McClellan agrees to deal

The Cardinals announced on Saturday that they have agreed to a one-year contract with reliever Kyle McClellan, avoiding arbitration. The club did not disclose McClellan’s salary.
McClellan, 26, is coming off his best year in the Major Leagues. The right-hander posted a 2.27 ERA in 75 1/3 innings, striking out 60 against 23 walks in 68 appearances. He set personal bests in ERA, games finished, strikeouts and WHIP (walks plus hits per inning pitched). He made $425,000 in 2010 but was due for a raise from that in his first year of arbitration eligibility.
“Obviously avoiding a hearing room was something that we felt was very important,” general manager John Mozeliak said on Saturday. “It was something that over the last week we’ve worked a lot on to try to get to where we are today. I’m pleased that we were able to work this out. Certainly he’s accomplished a lot over the last three years.”
McClellan has established himself as a pivotal part of the Cardinals’ bullpen. After competing for a rotation spot in each of the past two seasons, he will be limited to relief duty only for 2011.
“When you think about how arbitration is defined, length and consistency is always one of the key components,” Mozeliak said. “And I think the one thing you would all agree, that’s something he displayed over the first three years of his career. Really happy for him and his family and I know he’s excited about it as well.”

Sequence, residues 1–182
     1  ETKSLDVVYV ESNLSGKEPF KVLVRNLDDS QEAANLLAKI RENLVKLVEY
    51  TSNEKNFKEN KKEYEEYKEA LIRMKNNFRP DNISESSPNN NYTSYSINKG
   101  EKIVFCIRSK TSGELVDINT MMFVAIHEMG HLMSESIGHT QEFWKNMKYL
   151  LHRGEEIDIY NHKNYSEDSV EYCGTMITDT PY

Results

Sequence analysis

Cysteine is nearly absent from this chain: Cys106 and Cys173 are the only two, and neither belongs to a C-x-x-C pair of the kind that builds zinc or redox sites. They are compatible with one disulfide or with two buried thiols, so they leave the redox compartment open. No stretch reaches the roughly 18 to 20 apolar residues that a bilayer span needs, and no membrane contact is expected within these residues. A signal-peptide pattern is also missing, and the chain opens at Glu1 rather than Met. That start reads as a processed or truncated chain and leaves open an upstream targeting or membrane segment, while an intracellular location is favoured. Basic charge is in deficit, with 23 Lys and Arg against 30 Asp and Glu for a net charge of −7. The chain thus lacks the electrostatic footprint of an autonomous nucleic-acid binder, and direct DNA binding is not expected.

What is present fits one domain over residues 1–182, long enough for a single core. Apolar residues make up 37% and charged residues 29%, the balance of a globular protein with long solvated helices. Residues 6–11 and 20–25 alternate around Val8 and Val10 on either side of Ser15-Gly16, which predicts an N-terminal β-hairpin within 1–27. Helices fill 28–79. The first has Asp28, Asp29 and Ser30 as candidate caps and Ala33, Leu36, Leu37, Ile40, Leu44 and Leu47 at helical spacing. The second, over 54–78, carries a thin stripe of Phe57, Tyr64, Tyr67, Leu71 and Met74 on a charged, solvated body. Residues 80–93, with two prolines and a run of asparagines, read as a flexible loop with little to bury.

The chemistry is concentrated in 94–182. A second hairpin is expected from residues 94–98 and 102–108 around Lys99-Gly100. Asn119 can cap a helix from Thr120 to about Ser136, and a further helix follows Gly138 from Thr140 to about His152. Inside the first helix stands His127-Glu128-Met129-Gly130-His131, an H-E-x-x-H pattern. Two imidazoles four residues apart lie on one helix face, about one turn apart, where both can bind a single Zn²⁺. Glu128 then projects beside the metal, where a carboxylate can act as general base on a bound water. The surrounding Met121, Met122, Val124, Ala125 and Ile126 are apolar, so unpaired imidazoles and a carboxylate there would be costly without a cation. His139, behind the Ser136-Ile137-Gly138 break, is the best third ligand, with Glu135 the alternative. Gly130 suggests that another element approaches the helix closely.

Mozeliak said that the club and McClellan’s agent had some conversation about the possibility of a multi-year deal, but that those talks didn’t get very far.
The Cardinals have not gone to an arbitration hearing since 1999, when they won their case against left-hander Darren Oliver.
-M.

2 Comments

It would of been crazy not to sign him. Mcclellan has more than proved himself to his team and to us fans. Welcome back Kyle. Now only one more contract to secure and we all know who that is !!!

It wasn’t a question of whether they would sign him or not. It was a question of for how much, and whether they would have to go to arbitration in order to get it done.

-Matthew Leach.

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